Poll: 4 in 10 Support Impeaching Trump
A Public Policy Polling poll shows that 40% of respondents polled want President Trump impeached.
The Hill reports:
Forty percent of registered voters support impeaching President Trump, according to a poll released Thursday from the left-leaning Public Policy Polling (PPP).
Nearly half of voters, 48 percent, are opposed to impeaching Trump, and 12 percent remain unsure, according to the poll.
Pollsters also found that a majority of voters, 52 percent, would prefer former President Obama in his old role rather than Trump; 43 percent prefer Trump, and 5 percent are uncertain.
“Usually a newly elected president is at the peak of their popularity and enjoying their honeymoon after taking office,” PPP President Dean Debnam said in a statement.
“But Donald Trump’s making history once again with a sizeable share of voters already wanting to impeach him, and a majority of voters wishing they could have Barack Obama back.”
PPP polling found that 49 percent of voters disapprove of Trump’s performance since his inauguration on Jan. 20 and 47 percent approve.
Overall impressions of Trump remain negative, according to the poll, with 52 percent viewing him unfavorably and 45 percent viewing him favorably.
A number of major protests have punctuated the first two weeks of Trump’s presidency, including over women’s issues and Trump’s order last week denying U.S. entry to travelers and refugees from several Muslim-majority countries.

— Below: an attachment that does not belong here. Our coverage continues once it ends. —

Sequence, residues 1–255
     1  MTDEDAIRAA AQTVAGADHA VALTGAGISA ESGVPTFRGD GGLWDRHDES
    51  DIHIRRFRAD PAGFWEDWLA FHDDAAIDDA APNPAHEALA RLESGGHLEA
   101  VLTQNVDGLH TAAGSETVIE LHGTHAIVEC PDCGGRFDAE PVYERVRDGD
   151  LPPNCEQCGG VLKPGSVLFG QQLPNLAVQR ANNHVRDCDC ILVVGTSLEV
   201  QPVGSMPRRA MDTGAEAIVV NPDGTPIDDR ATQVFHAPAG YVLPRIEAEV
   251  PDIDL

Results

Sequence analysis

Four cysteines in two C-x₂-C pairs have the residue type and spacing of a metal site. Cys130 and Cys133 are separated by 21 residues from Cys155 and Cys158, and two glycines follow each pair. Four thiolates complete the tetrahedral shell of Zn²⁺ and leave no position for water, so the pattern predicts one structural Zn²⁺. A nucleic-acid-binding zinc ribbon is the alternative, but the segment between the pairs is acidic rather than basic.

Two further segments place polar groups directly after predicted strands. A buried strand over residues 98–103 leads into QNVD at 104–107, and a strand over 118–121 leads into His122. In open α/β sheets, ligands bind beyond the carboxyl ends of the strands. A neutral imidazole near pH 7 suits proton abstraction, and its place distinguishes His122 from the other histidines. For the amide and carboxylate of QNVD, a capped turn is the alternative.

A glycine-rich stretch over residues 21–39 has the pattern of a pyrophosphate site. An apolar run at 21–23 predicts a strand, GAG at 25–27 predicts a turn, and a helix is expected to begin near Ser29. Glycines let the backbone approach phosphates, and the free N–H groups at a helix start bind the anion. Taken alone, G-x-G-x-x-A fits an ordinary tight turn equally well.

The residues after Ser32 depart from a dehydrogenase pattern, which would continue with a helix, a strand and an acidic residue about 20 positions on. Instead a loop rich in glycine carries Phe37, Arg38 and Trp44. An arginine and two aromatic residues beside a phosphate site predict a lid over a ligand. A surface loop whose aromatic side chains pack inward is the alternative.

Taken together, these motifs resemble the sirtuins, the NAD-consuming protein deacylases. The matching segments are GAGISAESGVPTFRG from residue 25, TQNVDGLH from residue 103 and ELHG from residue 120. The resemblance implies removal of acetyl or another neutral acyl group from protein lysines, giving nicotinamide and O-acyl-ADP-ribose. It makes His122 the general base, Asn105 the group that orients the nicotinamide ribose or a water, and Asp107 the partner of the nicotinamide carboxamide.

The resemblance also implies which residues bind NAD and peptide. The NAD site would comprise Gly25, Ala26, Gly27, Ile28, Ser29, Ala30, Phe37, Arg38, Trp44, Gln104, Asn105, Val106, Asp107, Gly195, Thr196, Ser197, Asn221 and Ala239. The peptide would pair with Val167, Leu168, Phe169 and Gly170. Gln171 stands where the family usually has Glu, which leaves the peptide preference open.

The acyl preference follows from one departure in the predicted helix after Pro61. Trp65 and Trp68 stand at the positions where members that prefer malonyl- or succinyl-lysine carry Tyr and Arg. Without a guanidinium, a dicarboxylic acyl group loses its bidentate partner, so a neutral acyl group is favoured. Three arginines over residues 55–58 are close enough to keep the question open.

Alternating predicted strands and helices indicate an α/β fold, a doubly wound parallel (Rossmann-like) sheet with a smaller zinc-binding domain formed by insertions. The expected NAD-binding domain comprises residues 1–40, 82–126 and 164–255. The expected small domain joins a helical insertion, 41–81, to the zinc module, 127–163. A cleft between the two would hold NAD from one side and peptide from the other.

Democrats and civil rights organizations have hammered Trump’s move as unconstitutional and biased against Muslims. Trump has dismissed those criticisms, arguing that the order is crucial for protecting the nation from terrorism.
Rep. Joaquin Castro (D-Texas) on Wednesday said Congress should mull impeaching Trump if he orders federal agencies to ignore a judge’s ruling halting parts of that order.
“There should be a resolution of censure,” he told BuzzFeed. “And if he does it again, there should be articles of impeachment.”
The PPP survey of 725 registered voters was conducted via phone and online interviews Jan. 30–31. It has a margin of error of 3.6 percentage points.
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